Friday, 26 September 2014

Living Landscape activities: now every week

Mark Webster, Living Landscape project officer

Norfolk Wildlife Trust staff are breaking out of their Roydon Common nature reserve to help local communities to create a ‘Living Landscape’ in and around King's Lynn.  Focusing on the Gaywood River and its surrounding Valley, NWT’s Gemma Walker and I will be running activities at the same time every week from October onwards, based at Reffley Community Centre on Reffley Lane. 

Volunteering, photo by Tony McKie
Kicking things off at 10am on Monday 6 October will be a Fungi Foray with expert (and enthusiast) Dr Tony Leech, who will lead us out from Reffley Community Centre car park round the nearby woods, searching for and identifying as many mushrooms as possible. 

From then on, the group will be meeting every Monday morning at 10am (with a short break for Christmas and New Year) always starting at Reffley Community Hall car park, Reffley Lane, Kings Lynn, PE30 3EQ, at 10am. Activities in October and November include visits to ‘hidden gem’ wildlife sites in the area  (a minibus is provided if it’s too far to walk), work to improve local woodland habitats, and the chance to learn more about the Gaywood River and the history of Kings Lynn.

Sessions generally last until 1pm but you can leave earlier if you need to. Most sessions will include the chance to try practical conservation work and/or learning about wildlife, but you do NOT have to be physically fit to take part. Tea and biscuits are usually provided, as are any tools equipment and training needed.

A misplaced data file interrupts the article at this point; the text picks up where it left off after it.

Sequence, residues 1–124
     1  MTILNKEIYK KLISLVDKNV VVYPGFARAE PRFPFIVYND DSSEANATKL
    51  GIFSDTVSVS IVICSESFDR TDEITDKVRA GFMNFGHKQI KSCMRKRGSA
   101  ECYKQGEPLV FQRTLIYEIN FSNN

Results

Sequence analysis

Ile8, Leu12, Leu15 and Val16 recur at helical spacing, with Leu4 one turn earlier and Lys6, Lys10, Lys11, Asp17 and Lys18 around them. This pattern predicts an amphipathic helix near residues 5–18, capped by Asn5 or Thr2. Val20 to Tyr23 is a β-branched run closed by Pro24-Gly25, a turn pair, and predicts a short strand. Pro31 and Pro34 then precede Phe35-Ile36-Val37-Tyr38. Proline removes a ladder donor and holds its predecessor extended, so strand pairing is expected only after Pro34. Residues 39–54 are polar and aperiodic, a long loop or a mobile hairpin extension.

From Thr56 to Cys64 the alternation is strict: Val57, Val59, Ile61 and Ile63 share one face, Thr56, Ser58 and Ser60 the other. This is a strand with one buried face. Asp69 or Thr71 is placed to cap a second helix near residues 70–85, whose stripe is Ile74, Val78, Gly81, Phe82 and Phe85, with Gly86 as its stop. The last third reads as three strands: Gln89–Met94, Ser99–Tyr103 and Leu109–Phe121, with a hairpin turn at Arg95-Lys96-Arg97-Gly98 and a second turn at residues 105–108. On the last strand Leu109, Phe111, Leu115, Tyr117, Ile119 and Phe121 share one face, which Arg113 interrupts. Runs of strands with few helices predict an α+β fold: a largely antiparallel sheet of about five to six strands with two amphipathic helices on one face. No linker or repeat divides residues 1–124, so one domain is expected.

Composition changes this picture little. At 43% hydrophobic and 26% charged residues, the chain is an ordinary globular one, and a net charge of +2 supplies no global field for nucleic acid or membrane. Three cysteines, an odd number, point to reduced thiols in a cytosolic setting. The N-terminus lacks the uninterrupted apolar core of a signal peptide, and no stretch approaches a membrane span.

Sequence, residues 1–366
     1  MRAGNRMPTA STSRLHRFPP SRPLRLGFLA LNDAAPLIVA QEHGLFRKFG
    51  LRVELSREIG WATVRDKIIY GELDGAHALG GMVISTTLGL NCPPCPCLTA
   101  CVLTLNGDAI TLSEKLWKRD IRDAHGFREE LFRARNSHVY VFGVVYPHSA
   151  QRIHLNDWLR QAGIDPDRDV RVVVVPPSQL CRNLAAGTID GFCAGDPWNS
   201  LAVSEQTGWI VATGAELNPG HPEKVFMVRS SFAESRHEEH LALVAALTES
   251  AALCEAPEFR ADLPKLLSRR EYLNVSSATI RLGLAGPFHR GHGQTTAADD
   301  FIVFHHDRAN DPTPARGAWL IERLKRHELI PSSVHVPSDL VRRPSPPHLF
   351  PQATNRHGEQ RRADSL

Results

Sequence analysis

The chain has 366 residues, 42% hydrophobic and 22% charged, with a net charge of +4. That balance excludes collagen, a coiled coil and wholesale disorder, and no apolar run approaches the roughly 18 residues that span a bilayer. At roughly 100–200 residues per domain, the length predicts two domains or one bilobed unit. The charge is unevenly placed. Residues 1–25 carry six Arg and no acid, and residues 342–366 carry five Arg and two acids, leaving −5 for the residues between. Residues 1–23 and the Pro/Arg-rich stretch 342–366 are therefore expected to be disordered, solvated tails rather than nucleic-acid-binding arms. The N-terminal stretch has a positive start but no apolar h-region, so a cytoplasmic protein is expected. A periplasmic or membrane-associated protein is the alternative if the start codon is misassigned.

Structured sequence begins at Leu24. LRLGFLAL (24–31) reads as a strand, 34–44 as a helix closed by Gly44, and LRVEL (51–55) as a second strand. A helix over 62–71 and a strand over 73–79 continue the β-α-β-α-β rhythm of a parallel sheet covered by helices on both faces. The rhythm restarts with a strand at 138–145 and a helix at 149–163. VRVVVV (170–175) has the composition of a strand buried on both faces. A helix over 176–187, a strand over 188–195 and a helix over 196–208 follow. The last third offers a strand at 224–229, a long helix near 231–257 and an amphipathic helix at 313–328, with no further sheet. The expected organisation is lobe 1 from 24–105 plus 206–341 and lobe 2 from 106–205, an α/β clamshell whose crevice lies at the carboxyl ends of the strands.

Anyone can just turn up and join in (under 18s need to be accompanied by an adult) and all you need to bring are old outdoor working clothes. There’s usually no need to book but Gemma and Mark are happy to answer any questions you may have before you give it a try: call 01603 598333 or email You can also find out more about the new Living Landscape approach at

Saturday, 20 September 2014

A gem of an emerald

Chris Durdin, NWT Thorpe Marshes
Is nature predictable or unpredictable? Discuss, as exam questions used to say. A recent discovery at NWT Thorpe Marshes was, you might say, a predictable surprise… so perhaps the best of both.

That discovery was a new damselfly for the reserve on the edge of Norwich. Willow Emerald is name of the species, or Western Willow Spreadwing in the European field guide. ‘Spreadwing’ is from the position at rest of this and related species, as the photo shows. This damselfly perched on a sallow twig, a typical pose.

Willow Emerald Damselfly Chalcolestes viridis

The Willow Emerald is a recent UK colonist, first found in Suffolk in 2007. It’s now fairly widespread in the right habitats in our neighbouring county, and spreading. It's been at RSPB Strumpshaw Fen for a few years, and was seen well on the River Yare at Cringleford in 2013. As NWT Thorpe Marshes is midway between Strumpshaw and Cringleford, I mentioned Willow Emerald on my September guided walk as a damselfly to lookout for.  Hey presto … one of that group returned and found it. I hear they’ve also been found in several other places this year.

It took me three attempts to see the Willow Emerald for myself, but warm autumn days meant there were many dragonflies on the wing to keep me company. And, on one visit, a whinchat, too: an autumn migrant, so when you might expect to see it, but far from predictable.

Incidentally, the Willow Emerald brings the reserve Odonata list to 19. That’s slightly fewer than Strumpshaw Fen's 24 (22 breeding species, 2 vagrants). Do any blog readers know how other Norfolk sites compare? In another role, as a soccer coach, I know I must keep the lid on the ‘competitive dad’, but I can’t help but wonder how my local patch ranks against more famous nature reserves.

Would anyone like to predict what we’ll find next at NWT Thorpe Marshes?

More wildlife news and details of monthly walks on